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11 Mar 2018

Aeonium (Crassulaceae)

The name derives from the Greek «immortal» aiónios. It is, in fact, a genus similar to the genus Sempervivum of which it recalls the rosette arrangement of the leaves, although the A. are caulescent. Almost all of them are from the Canary Islands, except for some African form; there. arboreum is natural in many parts of southern Italy.

Aeonium arboreum, atropurpureum variety, with the typical rosettes of bronze red leaves
Aeonium arboreum, atropurpureum variety, with the typical rosettes of bronze red leaves

Cultivated species of Aeonium:

A. arboreum, thick and succulent stem of more than a meter in height, crowned by a large rosette of green and spatulate leaves, flowers in long racemes, yellow-gold; the var. atropurpureum has almost purpureous bronze red leaves; A. decorum (sin cooperi, very branched bush, each twig with a terminal rosette of small leaves that take on the sun a bronze color, white flowers streaked with pink; A. haworthii, bushy plant with lignified twigs with rosettes of fleshy leaves, obovate-acute, ciliate, from the red margin, pale-yellow flowers; Aeonium lindleyi, branched shrub with rosettes of small leaves, carenate, slightly viscous and tomentose, olive-green, yellow flowers; A. tabulaeforme, low, with large rosette flat small leaves embedded in each other, closely imbricate and ciliate, yellow flowers, in nature it grows almost vertical out of the crevasses of the rocks that provide it with partial shading.

Cultivation:

like all succulents, the A. prefer very permeable and sandy soils; the sunny positions favor the thickening and compactness of the rosettes of leaves and the liveliness of the colors. Semirusics in temperate climates, these plants would require a minimum of 5 ° C, but also withstand lower temperatures provided they are sheltered from freezing. Multiplication normally occurs by stem or leaf cuttings, provided the cuttings are kept almost dry. They can also be reproduced by seed to be laid on the surface without burial, on fine and sandy soil, in spring.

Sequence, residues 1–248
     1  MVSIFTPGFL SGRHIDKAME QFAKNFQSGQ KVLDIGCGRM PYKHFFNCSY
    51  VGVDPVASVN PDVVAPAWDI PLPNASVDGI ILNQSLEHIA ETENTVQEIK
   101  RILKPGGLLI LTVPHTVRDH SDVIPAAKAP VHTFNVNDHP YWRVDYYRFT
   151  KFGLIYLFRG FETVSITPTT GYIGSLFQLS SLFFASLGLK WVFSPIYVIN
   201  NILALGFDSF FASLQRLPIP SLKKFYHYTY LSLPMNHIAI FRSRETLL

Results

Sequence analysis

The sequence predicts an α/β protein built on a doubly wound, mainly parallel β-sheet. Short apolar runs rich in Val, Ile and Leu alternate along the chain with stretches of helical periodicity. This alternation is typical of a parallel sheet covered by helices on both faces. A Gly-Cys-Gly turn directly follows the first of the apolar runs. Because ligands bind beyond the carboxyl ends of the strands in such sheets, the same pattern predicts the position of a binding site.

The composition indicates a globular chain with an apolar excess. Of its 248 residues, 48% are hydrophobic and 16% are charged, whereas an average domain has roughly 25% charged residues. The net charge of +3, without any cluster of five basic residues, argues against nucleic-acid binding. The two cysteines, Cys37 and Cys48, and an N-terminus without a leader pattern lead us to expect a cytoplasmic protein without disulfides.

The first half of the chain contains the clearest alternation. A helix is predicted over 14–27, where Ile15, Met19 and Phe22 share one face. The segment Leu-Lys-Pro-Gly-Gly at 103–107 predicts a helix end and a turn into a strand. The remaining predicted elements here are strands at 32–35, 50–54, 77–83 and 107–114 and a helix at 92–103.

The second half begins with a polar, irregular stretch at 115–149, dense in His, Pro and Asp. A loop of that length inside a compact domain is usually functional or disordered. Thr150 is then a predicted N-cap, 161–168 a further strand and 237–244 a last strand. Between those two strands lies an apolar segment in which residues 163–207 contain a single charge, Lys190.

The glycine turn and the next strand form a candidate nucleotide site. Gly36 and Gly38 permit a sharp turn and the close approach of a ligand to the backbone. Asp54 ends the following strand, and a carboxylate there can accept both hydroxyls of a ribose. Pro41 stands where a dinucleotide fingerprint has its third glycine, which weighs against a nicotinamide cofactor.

Also read: Garden project: garden on the roof.

09 Mar 2018

Aechmea (Bromeliaceae)

The name derives from the Greek akmé «punta», with an allusion to the rigid points of the glass. The genus includes evergreen plants from tropical America, often epiphytes, which have the peculiar shape of most of the Bromeliaceae; they have in fact rigid leaves arranged like acaulettes, each one inguaining in the form of a spiral to form a central tubular void from which the inflorescence emerges with numerous bracts and small flowers, mostly of a contrasting color. Considered until recently as plants suitable only for the warm greenhouse, some species have proven to have good qualities as houseplants where it is however very difficult to make them bloom.

Aechmea fulgens specie of great ornamental value.
Aechmea fulgens specie of great ornamental value.

Cultivated species of Aechmea: